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Subgoal Discovery and Language Learning in Reinforcement Learning Agents Marie desJardins University of Maryland, Baltimore County Université Paris Descartes September 30, 2014 Collaborators: Dr. Michael Littman and Dr. James MacGlashan (Brown University) Dr. Smaranda Muresan (Columbia University) Shawn Squire, Nicholay Topin, Nick Haltemeyer, Tenji Tembo, Michael Bishoff, Rose Carignan, and Nathaniel Lam (UMBC)

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Outline Learning from natural language commands Semantic parsing Inverse reinforcement learning Task abstraction “The glue”: Generative model / expectation maximization Discovering new subgoals Policy/MDP abstraction PolicyBlocks: Policy merging/discovery for non-OO domains P-MODAL (Portable Multi-policy Option Discovery for Automated Learning): Extension of PolicyBlocks to OO domains

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Learning from Natural Language Commands

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Another Example of A Task of pushing an object to a room. Ex : square and red room Abstract task: move object to colored room move square to red roommove star to green roomgo to green room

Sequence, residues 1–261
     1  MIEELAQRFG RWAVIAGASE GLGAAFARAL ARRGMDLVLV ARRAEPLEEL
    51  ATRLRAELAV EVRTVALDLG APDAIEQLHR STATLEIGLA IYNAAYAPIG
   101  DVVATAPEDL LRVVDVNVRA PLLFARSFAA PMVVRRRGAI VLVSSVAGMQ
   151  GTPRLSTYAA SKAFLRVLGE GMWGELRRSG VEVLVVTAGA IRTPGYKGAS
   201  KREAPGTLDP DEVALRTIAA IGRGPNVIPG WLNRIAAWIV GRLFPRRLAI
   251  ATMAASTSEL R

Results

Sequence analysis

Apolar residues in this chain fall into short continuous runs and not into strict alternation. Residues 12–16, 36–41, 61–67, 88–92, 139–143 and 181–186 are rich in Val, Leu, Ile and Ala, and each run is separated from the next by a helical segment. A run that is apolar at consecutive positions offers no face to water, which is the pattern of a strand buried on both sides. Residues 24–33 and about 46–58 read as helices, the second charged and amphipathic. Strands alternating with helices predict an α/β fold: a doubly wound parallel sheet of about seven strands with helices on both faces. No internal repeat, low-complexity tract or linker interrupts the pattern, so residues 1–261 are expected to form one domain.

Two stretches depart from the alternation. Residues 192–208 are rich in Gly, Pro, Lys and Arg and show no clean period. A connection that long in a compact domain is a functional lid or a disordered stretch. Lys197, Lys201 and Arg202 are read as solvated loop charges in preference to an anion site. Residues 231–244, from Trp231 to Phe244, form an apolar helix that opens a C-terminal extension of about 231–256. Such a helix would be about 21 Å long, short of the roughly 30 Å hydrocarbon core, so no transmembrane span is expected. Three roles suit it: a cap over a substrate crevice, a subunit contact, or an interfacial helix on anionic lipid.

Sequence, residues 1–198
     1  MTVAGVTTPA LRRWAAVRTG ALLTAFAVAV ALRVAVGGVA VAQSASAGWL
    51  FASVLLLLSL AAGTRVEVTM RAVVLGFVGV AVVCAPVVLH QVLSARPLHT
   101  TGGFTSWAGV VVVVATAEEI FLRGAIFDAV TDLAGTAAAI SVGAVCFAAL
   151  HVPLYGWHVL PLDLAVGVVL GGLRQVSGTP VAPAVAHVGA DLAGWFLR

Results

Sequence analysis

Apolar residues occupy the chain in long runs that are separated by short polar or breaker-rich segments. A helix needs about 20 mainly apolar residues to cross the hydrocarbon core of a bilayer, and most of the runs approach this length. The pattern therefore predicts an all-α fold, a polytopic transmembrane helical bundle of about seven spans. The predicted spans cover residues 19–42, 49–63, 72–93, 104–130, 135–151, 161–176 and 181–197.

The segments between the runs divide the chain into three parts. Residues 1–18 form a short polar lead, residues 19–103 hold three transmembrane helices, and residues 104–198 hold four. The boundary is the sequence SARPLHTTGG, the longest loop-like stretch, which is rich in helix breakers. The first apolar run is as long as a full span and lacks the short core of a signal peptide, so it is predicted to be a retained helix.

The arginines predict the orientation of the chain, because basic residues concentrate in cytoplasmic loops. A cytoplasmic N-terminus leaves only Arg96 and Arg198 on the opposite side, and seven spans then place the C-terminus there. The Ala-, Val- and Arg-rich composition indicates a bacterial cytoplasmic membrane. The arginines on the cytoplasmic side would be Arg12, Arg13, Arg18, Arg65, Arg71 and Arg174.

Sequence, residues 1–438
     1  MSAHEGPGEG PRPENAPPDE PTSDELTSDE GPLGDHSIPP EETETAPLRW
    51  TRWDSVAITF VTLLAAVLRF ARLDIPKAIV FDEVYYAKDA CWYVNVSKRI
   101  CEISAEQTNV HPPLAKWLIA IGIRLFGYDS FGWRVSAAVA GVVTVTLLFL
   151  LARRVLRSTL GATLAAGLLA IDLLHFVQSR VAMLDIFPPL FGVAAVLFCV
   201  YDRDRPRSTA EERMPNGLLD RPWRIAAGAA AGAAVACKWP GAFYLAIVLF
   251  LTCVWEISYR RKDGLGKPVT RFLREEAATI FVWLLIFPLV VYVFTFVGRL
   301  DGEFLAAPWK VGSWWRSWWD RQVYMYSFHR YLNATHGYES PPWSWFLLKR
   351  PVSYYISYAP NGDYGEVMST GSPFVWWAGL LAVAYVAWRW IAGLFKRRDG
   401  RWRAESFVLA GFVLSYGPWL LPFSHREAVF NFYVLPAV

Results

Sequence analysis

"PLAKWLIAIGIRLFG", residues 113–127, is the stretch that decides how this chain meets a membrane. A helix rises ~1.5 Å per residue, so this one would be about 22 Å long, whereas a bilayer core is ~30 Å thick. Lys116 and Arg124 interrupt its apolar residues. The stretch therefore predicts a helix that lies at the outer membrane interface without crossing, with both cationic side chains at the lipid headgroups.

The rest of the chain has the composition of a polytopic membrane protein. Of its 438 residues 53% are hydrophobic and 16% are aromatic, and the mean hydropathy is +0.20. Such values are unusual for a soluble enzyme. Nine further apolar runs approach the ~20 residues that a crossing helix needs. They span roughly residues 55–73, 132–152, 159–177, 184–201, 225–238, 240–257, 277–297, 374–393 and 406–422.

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Learning to Interpret Natural Language Instructions5 The Problem 1.Supply an agent with an arbitrary linguistic command 2.Agent determines a task to perform 3.Agent plans out a solution and executes task Planning and execution is easy Learning task semantics and intended task is hard

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Learning to Interpret Natural Language Instructions6 The Solution Use expectation maximization (EM) and a generative model to learn semantics Pair command with demonstration of exemplar behavior This is our training data Find highest-probability tasks and goals

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System Structure Verbal instruction Language Processing Task Learning from Demonstrations Task Abstraction

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System Structure Verbal instruction Semantic Parsing Task Learning from Demonstrations Task Abstraction